So today I went to the UPS store to see if there was any way I could settle a mailing issue. Note to self - you can't get mail if you don't have a mailbox.
Anyway, in the course of the discussion, one clerk looks at the other and says
"Well, that confirms it. I knew the area code was somewhere in Canada but the accent, didn't you hear it? Canuck." She looks at the other clerk with satisfaction and then turns to smile at me. I think I recoiled in horror, okay not quite but:
A - no one has ever said I have an accent. It's all of you I say - not me.
And B - Canuck, no one has ever called me that either - ever.
I was reminded that I'm a person of interest, a foreigner. I was one of those people, the ones I meet on planes, in other countries, in public transport - just everywhere. People with stories that are different from mine. They're fascinating and I'm their worst nightmare because I want to hear all about them.
Now I'd become one of them. One of the others - the one with the accent. I mean it's easy to feel foreign when you're traveling in a country where your native tongue is not theirs and where the customs are radically different from yours. But here the similarities run as close as the disparities. So, no, I wanted to say - it's you, you have the funny little accent not me. No, the look the clerk laid on me said it all - it was me.
|A fraction of the price at home.|
Sure I knew I was in a foreign country. I'm reminded every day. Retail shops alone are a good reminder. Like the other day when I was gawking at the Canadian Whiskey disbelieving of the price. Of course, I'm disbelieving of the price of any liquor south of the border but this one in particular. Made in Canada, it sat here thousands of miles from its manufacture point marked at a price that can only be called extraordinarily cheap - possibly even giving it away, cheap. And the day before that I scoured the dairy section looking for cream and only seeing artificial creamer. At home, it's parked by the milk and it comes in a cardboard container, which I have since found it does here too but it's buried beneath a massive selection of creamers. Anyway, maybe I should have taken those and any number of other clues that, not only was I foreign, but I just might just be the one with the accent.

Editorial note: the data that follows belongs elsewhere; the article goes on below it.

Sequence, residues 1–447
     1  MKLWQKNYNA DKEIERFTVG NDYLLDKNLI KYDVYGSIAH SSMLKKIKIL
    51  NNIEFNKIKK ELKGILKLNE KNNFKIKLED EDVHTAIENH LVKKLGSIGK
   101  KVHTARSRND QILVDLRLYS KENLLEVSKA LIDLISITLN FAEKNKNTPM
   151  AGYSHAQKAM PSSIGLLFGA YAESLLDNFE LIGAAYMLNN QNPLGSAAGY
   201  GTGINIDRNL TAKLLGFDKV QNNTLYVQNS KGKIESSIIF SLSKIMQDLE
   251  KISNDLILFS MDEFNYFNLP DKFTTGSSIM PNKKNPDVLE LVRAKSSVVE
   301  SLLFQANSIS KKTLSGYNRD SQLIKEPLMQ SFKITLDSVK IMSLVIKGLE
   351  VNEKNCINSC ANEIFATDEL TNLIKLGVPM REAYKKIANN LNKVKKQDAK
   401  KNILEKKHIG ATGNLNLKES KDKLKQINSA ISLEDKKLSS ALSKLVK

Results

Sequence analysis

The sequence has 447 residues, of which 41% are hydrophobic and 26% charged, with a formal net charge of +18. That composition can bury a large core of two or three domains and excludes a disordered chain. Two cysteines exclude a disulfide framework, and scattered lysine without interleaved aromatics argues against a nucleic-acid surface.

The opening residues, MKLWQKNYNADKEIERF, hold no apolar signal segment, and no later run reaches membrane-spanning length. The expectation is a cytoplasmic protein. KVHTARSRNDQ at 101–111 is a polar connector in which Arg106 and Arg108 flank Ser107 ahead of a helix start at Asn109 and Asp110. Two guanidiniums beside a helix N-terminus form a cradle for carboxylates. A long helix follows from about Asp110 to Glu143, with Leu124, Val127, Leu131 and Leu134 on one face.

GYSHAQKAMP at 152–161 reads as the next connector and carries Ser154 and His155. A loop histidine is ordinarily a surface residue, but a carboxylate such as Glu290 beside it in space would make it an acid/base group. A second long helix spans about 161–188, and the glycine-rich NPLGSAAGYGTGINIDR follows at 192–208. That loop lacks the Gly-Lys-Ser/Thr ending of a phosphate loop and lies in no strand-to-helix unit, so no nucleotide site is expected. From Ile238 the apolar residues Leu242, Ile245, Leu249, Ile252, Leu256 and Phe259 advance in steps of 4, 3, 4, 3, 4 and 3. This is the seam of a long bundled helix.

So with that reality check I headed off down the road. There we stumbled on the salsa lady, selling out of the back of her van by the side of the road. Unemployed temporarily she said after greeting me with a cheery hello that she hurled at me long before we were in speaking distance. After getting my salsa she offered her e-mail address in case I should like the salsa and she wasn't at her usual roadside haunt. I did. Will definitely be e-mailing her for more. Fortunately, except for spelling issues - I think e-mail is relatively universal. No accent there.
So now it's off to the family selling tamales and fruit of all kinds at another roadside stand. We left
with a bagful of fruit - 12 limes for a dollar! Unheard of in Canada or at least the corner I'm from - not the limes, the price. The tamales, well we'll be back for a roadside lunch one day soon.
It was a day of moments that would never have happened at home because, wait for it - I'd be shoveling snow and thinking of past trips and future stories.
And one last word on the accent thing - you will never, ever, hear me say that one dreaded word - eh. Because well, there was that classic Canadian throwback to the eighties, Bob and Doug McKenzie ... enough said.
Travel away to Borneo where murder and romance steam up the jungle -
Fatal Intent on sale for .99 cents at most online retail book outlets.
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